I Was Raised Mexican (Benefit Performance! One Day Only!)
"I was Raised Mexican" is a one-woman show written and performed by Sayda Trujillo that investigates the experience of acquired identity. Sayda will be performing one-time only as a benefit for the documentary about Boyle Heights, East LA Interchange.
"I was raised Mexican by the Mexicans that brought their Mexico to Boyle Heights. What is that? What do you take with you to make a home across the border?"
A Guatemalan girl leaves Guatemala and lands in East L.A. where she is automatically assumed and perceived to be "Mexican." Visually, it is a peeling of layers, each offering a possible answer to "What do you see when you see me?" and " What is Mexican?" Through movement, song, and poetic text, I Was Raised Mexican draws our attention to what the immigrant carries with him/her and how this translates in their adopted new home/country. Asking, What do we carry with us?
"I Was Raised Mexican" will be performed on Sunday, August 14th, at 12:00 p.m. at Plaza De La Raza, 3540 North Mission Road, Los Angeles, CA 90031. Tickets are $15.00 for general admission. A limited number of premium seats in the reserved section are available at $30.00 which includes a meet and greet with the artist and filmmaker following the performance. All proceeds benefit the documentary film, East LA Interchange.
A proud Boyle Heightsian, SAYDA TRUJILLO writes, performs and directs physical theatre. Her work has been presented at notable places including La Mama, New York Theatre Workshop, REDCAT, Espai Brossa and English Theatre. Her performances have taken her to Germany, Spain, Guatemala and Singapore where she has also led international workshops for actors and theatre professionals. A graduate of the California Institute of the Arts and Dell' Arte International, Sayda teaches Voice and Movement at Pace University in New York. For more information visit, http://web.mac.com/saydatrujillo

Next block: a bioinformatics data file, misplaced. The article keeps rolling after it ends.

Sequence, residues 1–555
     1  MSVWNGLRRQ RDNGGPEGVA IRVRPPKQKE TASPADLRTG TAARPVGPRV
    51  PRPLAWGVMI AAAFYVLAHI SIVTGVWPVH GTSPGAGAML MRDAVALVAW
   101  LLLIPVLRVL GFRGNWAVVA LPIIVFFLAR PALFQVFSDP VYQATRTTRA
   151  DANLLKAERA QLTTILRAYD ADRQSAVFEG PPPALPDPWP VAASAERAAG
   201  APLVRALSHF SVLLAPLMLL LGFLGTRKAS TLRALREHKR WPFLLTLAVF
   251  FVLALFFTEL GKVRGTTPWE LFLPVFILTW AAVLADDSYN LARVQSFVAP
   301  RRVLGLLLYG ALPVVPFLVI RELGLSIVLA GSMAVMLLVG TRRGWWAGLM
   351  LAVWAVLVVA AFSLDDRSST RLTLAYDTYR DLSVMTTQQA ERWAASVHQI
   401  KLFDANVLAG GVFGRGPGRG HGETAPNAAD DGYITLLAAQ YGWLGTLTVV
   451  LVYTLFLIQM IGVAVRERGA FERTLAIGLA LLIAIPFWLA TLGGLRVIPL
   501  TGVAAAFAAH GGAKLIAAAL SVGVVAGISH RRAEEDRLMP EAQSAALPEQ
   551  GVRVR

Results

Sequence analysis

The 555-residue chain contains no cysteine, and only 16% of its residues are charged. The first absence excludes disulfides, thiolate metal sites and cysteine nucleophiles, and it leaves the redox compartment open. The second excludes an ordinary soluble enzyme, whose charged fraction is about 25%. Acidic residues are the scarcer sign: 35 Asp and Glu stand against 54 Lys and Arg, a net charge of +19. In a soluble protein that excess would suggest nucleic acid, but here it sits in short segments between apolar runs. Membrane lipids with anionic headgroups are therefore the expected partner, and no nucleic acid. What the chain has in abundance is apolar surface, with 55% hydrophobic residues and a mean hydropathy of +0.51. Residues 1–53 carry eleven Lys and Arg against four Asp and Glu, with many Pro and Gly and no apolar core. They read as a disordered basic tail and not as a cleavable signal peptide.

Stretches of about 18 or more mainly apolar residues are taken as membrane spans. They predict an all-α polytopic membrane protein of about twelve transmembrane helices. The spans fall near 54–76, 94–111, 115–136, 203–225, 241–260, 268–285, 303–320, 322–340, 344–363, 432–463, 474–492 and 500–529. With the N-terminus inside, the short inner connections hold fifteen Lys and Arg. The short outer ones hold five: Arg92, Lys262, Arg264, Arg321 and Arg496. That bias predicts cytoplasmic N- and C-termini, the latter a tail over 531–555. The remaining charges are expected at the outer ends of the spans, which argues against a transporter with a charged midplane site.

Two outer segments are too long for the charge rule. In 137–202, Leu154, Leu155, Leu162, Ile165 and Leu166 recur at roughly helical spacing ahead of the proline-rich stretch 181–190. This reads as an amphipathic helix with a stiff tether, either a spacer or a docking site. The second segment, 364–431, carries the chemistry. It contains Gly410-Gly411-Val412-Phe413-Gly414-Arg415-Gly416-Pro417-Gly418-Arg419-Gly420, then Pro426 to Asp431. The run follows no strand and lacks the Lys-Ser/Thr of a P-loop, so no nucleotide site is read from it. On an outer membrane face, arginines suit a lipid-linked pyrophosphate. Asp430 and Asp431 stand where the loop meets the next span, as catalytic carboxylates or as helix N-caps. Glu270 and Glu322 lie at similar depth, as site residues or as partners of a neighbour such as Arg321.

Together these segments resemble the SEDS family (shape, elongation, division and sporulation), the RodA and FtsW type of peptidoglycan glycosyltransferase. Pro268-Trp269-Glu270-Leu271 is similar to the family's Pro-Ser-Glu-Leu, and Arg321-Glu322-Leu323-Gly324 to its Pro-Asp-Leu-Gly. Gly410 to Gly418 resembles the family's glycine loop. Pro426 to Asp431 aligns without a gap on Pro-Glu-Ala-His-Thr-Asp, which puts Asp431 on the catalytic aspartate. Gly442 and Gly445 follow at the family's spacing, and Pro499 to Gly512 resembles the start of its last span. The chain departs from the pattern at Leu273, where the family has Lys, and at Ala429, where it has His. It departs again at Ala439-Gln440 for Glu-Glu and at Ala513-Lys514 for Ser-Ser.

EAST LA INTERCHANGE
The subject of multiculturalism in the United States is more important today than ever. The U.S. Census Bureau estimates that by 2050 African-Americans, Asians, Hispanics and Native Americans will increase from about a third of the population to more than half (54%). As the American population grows more and more diverse, society wrestles with what it means to be truly multicultural. The documentary, East LA Interchange, investigates one exceptional Los Angeles neighborhood as an example of what can be.
Boyle Heights offers a 40-year history of the rich rewards and unique challenges of living in a multiethnic community. George Sanchez, Professor of American Studies, Ethnicity and History at USC, states Boyle Heights is, "...the best example of a place where people lived together from different backgrounds, different races, different nations for a longer period of time than other neighborhoods." By analyzing this extraordinary neighborhood throughout its multiethnic history, we see how residents faced their racial and religious differences in school, on the street, and next door. How did Boyle Heights encourage and support diversity and tolerance? And what can we learn from the people who were part of this community during its multiethnic heyday?
East LA Interchange recounts the neighborhood's dynamic story through personal recollections of current and former residents, interviews with experts, and archival film and photographs which make its important history come alive. Currently in the production phase, East LA Interchange is scheduled for completion by 2012. More information on the documentary as well as the trailer can be found at www.bluewatermedia.org
Plaza de la Raza
3540 North Mission Road
Los Angeles, CA 90031
|Kid Friendly: No|
|Dog Friendly: No|
|Wheelchair Accessible: Yes!|